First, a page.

Fall is just around the corner! Pretty soon everything you see will be pumpkin-something-or-other. Well today I’m going to share with you a recipe on how to make your own Pumpkin Loaf soap! Yes, soap! This is a hot process soap. I prefer hot process soap for one main reason: you can use it right away. Cold process soap has to cure for 4-6 weeks on average, and I’m the kind of person who needs instant gratification, lol. I am not a patient person when it comes to things like this – waiting 4-6 weeks is torture. With hot process soap, you can cook it right in your crock pot usually in under an hour. Pour it in your mold, and then set it in your freezer (or just set out to harden – but I prefer the freezer because it’s quicker) and you can start using it right away.
A couple things if you have never made soap before:
- ALWAYS use protective gear when you are handling lye. Gloves, goggles, long sleeves, and an apron is what I use and what I highly recommend. You don’t need to wear this the entire time, just while you are handling the lye.
- ALWAYS run your recipes through a lye calculator. I recommend this one. This will tell you exactly how much lye & water you need for your soap.
Ingredients for this recipe (still run these through the lye calculator!):
- 15 oz. Coconut Oil
- 15 oz. Olive Oil
- 4 oz. Mango Butter
- 10 oz. Pumpkin (make sure it’s 100% pumpkin!)
- 2.5 oz water
- 5.06 oz lye
- 1/4 cup oatmeal (optional)
- You will also need a 1.55 oz blend of the following essential oils:
Typically, you would add your water & your lye in a non-reactive container (I use a heavy glass jar). But for this recipe, you are using Pumpkin instead of water. If you can’t find a 10 oz can of Pumpkin, just measure out 10 oz out of a larger sized can.
- Since the lye needs to dissolve, I do this step first. Pour your 10 oz of pumpkin with 2.5 oz of water. Add your lye to the pumpkin & water. It will turn your thick pumpkin puree into a liquid. This gets VERY hot! Stir and let it sit to dissolve. Do not breathe in these fumes, and do this in a well ventilated area with your gloves, goggles, and long sleeves on!
- While your lye is dissolving, add your oils to your crock pot (set to LOW). If the oils are not in liquid form, you can melt them in the microwave if you don’t want to wait for them to melt.
- Once your oils are melted and your lye has dissolved with your pumpkin (I would give it at least 20 minutes since you can’t actually see when the lye has dissolved like you can with plain water), very carefully and slowly, pour your lye & pumpkin liquid into your melted oils.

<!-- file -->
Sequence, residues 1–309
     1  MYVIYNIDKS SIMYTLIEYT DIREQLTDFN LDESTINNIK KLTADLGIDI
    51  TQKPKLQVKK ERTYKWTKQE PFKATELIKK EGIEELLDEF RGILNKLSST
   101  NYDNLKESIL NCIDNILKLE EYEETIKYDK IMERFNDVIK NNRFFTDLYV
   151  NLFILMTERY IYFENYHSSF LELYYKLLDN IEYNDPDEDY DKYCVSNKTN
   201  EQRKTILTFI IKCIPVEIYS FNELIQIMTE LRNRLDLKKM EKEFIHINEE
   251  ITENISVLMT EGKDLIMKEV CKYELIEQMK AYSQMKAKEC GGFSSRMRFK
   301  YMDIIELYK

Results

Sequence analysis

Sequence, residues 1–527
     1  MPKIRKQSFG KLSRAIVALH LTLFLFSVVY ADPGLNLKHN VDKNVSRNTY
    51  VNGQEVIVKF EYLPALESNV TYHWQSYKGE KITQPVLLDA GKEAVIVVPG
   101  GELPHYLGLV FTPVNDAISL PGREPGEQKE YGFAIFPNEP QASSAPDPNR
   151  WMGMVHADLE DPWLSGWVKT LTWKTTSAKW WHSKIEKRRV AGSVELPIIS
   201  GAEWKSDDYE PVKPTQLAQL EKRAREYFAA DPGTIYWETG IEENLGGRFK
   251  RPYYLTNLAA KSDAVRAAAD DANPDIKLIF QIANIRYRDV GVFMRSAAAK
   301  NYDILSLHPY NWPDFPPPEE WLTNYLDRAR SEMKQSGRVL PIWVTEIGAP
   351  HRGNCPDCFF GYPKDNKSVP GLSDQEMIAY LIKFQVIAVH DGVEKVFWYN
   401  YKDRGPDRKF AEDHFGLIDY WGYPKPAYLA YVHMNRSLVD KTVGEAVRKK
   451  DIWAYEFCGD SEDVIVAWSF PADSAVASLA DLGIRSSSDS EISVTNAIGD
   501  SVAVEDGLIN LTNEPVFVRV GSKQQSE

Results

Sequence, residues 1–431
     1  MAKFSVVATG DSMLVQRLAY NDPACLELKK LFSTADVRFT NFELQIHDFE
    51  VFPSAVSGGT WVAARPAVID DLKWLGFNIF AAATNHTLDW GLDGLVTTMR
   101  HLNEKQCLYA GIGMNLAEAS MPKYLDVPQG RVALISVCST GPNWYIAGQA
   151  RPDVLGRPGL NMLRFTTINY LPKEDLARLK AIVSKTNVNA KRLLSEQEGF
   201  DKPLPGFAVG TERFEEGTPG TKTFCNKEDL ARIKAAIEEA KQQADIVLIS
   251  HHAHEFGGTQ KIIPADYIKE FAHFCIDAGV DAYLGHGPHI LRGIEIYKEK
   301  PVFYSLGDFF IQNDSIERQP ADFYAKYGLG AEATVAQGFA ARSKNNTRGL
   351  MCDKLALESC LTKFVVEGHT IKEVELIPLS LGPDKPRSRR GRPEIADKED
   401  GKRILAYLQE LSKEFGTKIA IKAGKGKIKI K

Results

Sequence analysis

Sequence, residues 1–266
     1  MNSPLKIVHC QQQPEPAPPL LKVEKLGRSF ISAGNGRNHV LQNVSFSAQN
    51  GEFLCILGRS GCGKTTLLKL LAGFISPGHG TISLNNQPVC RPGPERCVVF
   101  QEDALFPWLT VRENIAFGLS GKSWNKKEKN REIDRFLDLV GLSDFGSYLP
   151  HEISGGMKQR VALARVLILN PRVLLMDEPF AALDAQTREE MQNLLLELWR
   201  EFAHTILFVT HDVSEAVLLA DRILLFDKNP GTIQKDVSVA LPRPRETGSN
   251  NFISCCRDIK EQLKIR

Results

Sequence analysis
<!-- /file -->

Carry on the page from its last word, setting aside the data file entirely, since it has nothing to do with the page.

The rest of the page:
- Turn on your immersion/stick blender and blend until you hit trace. It should resemble something like this:
- Once you hit trace, add your oatmeal, stir, place the lid on your cooker and keep a close eye on it! It will go through a few different stages. You can let it sit and not stir and just wait for it to get to the gel stage, or you can stir it regularly. I prefer to stir. The soap will go through an “applesauce” stage, then a mushy, mashed-potato type stage, and then a gel stage, which is shiny and it resembles vaseline. That is the last stage.
- Once you get to the gel stage, you will want to test it for lye. The most popular way is the zap test. If you place a little bit of the soap on your tongue, if there is still lye in it, it will zap your tongue like a 9-volt battery. Notice, I said this is the most popular way – NOT the way I recommend testing. I use these pH drops.
To test your soap with these pH drops, just place a little bit of soap batter onto a paper towel and place a drop or two of the pH liquid on the soap. If it turns pink, it still has lye in it. Keep cooking. The pink will be a very dark fuschia when you first start cooking your soap, and should get lighter and lighter as it cooks, until it doesn’t turn pink at all anymore. I’m not a fan of zapping my tongue or tasting soap in my mouth, so this is by far my favorite method of testing for lye.
Once your soap has gelled, and the lye is cooked out of it, you are ready to add your additives, colorants and fragrances, if any. For this specific recipe, I added 1/4 cup of ground oatmeal at trace, but you could add it before you mold if you prefer. Also, mix your 3 essential oils (Clove, Cinnamon, and Orange) together so you get a 1.55 oz blend. Pour that into your batter, along with any colorants and stir well. I did not use any colorants with this soap, but I buy my powder colorants from Bulk Apothecary. And I do NOT use Mica colorants.
Now you are ready to pour into your mold! This is the mold I use.
I like to add a little oatmeal on top as well, for decoration. The pumpkin puree gives your soap a dark orange color, and the oatmeal in it helps exfoliate your skin. This soap is so amazing. I made some for us, and already gave some to my parents. Will also be packaging some up and selling it at upcoming fall shows.
This recipe yields about 3.31 lbs.
If you made this recipe, please share your pictures!
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